Aziz-Lange, Ghadwal, Glaser, Godt, Hellweg, Hoge, Kohse-Höinghaus, Kühnle, Mitzel
Life Science Chemistry
Dierks, Fischer v. Mollard, Gröger, Hellweg, Kottke, Lübke, Niemann, Sewald
Gas Phase- und Atmospheric Chemistry
Brockhinke, Eisfeld, Kohse-Höinghaus, Koop, Manthe, Mitzel
Public Understanding of Science
Dunker, Kohse-Höinghaus, Lück, Mitzel
Important subjects in the research area Molecule-based Materials are molecular magnets, biomimetic catalysts, cytostatic compounds, fluorinated compounds, organometallic compounds, silanes, spin probes an models for EPR-spectroscopy, microgels and microemulsions.
Protein crystallography is used and sulfatases, lysosomal hydrolases and membrane transport are studied in the research area Life Science Chemistry. An additional focus are bioorganic and biocatalytic topics in organic chemistry groups, which are also investigated by biochemistry groups within the Faculty of Chemistry.
Research topics in Gas Phase- und Atmospheric Chemistry are combustion, atmospheric aerosols and ice nucleation. The core facility „gas-electron diffraction and structure analysis of small molecules“ (GED@BI, N. Mitzel) is funded by the DFG and is unique within the EU.
The research area Public Understanding of Science focuses on research concerning instructions in chemistry during early childhood.
The Faculty of Chemistry is characterized by interdisciplinary research, which is typical for Bielefeld University. Researchers in the research area Molecule-based Materials cooperate with the department of Physics.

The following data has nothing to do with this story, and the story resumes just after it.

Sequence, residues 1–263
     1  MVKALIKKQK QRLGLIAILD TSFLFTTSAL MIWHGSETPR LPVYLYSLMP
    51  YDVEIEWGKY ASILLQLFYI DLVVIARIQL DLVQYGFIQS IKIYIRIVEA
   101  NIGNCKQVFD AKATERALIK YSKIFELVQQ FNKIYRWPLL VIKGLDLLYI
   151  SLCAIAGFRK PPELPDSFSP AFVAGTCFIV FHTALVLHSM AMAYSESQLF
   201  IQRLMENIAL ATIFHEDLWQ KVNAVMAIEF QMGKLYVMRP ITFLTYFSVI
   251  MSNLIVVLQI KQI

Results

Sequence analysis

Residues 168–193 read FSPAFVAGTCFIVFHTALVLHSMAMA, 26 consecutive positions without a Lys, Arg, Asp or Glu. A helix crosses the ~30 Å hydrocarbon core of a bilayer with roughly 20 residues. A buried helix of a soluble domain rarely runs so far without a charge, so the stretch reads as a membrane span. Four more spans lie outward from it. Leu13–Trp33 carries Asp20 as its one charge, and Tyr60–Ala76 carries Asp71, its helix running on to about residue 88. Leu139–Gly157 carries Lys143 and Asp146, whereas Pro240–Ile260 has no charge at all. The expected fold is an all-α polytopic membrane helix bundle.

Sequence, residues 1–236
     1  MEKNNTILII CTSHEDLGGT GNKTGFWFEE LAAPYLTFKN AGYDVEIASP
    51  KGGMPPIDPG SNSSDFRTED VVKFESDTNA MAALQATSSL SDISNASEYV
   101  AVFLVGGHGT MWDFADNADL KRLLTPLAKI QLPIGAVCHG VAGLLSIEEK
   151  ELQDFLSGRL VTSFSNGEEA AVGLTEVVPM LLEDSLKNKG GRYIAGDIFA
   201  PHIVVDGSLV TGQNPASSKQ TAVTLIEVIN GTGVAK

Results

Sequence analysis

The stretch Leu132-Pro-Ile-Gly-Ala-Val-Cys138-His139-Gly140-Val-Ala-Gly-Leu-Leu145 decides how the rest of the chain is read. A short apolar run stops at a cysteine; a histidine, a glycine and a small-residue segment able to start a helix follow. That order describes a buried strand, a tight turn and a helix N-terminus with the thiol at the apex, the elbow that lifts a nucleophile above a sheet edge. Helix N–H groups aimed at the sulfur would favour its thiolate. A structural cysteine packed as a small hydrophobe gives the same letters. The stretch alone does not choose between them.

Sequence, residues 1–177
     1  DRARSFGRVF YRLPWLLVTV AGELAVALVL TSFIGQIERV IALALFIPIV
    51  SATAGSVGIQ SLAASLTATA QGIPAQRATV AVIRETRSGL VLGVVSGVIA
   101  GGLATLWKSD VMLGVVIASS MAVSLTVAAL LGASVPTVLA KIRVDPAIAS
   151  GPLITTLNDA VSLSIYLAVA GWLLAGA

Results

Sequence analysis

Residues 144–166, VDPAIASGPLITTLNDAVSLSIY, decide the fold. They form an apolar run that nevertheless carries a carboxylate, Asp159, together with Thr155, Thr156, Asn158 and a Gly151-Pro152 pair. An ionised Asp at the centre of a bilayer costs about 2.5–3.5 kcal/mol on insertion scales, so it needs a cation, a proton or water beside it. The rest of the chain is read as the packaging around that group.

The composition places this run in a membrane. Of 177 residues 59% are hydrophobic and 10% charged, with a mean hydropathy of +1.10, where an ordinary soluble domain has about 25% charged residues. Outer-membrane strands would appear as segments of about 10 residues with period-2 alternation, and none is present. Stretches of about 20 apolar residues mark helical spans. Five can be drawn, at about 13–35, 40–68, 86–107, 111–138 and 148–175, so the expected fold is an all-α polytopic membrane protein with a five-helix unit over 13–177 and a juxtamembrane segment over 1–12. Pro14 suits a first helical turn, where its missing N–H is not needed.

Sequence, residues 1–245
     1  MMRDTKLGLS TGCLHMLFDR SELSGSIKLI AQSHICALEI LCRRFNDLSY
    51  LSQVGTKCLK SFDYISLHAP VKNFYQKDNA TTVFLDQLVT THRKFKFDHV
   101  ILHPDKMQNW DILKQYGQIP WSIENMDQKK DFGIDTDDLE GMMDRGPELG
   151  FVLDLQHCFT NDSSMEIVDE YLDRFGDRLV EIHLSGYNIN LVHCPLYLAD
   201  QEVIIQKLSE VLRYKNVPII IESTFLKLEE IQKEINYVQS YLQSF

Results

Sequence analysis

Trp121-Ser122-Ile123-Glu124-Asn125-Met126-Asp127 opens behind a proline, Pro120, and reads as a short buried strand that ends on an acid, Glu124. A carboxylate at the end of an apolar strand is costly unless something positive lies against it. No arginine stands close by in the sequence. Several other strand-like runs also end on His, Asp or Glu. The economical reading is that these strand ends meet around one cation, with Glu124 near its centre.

The research area Life Science Chemistry is strengthened by cooperation with the Faculty of Biology, the Faculty of Technology and the CeBiTec.
The „Center for Molecular Materials“ CM2 is an academic department with groups from chemistry and physics (coordinator B.Hoge), which aims at connections between technical know-how of industrial partners and basic research at the university.
In addition, each group is involved in national and international research cooperations.
Enzymatic Halogenation of Tryptophan on a Gram Scale
Halogenated arenes are important building blocks in medicinal and agrochemistry. Chemical electrophilic aromatic halogenation requires molecular halogen, whereas FADdependent halogenases form halogenated arenes with high regioselectivity while only halide salts and O2 are required. This reaction proceeds at room temperature in aqueous media. However, enzymatic halogenation is considered inefficient, mainly because halogenases are not stable. Thus, the preparative application remained elusive. We were able to show that the long–term stability and, hence, the preparative efficiency of the tryptophan–7–halogenase RebH can be significantly improved by immobilization together with the other enzymes required for cofactor regeneration. We established a facile scalable method suitable for the halogenation of tryptophan and its derivatives on a gram scale using a solid, multifunctional, and recyclable biocatalyst; this immobilization strategy might also be applicable for other FAD–dependent halogenases.
Marcel Frese, Norbert Sewald, Angew. Chem. Int. Ed., 2015, 54(1), 298–301
Dynamics and Structure Formation of Organic Molecules on Dielectric Surfaces
Nanomagnete: von der Synthese über die Wechselwirkung mit Oberflächen zur Funktion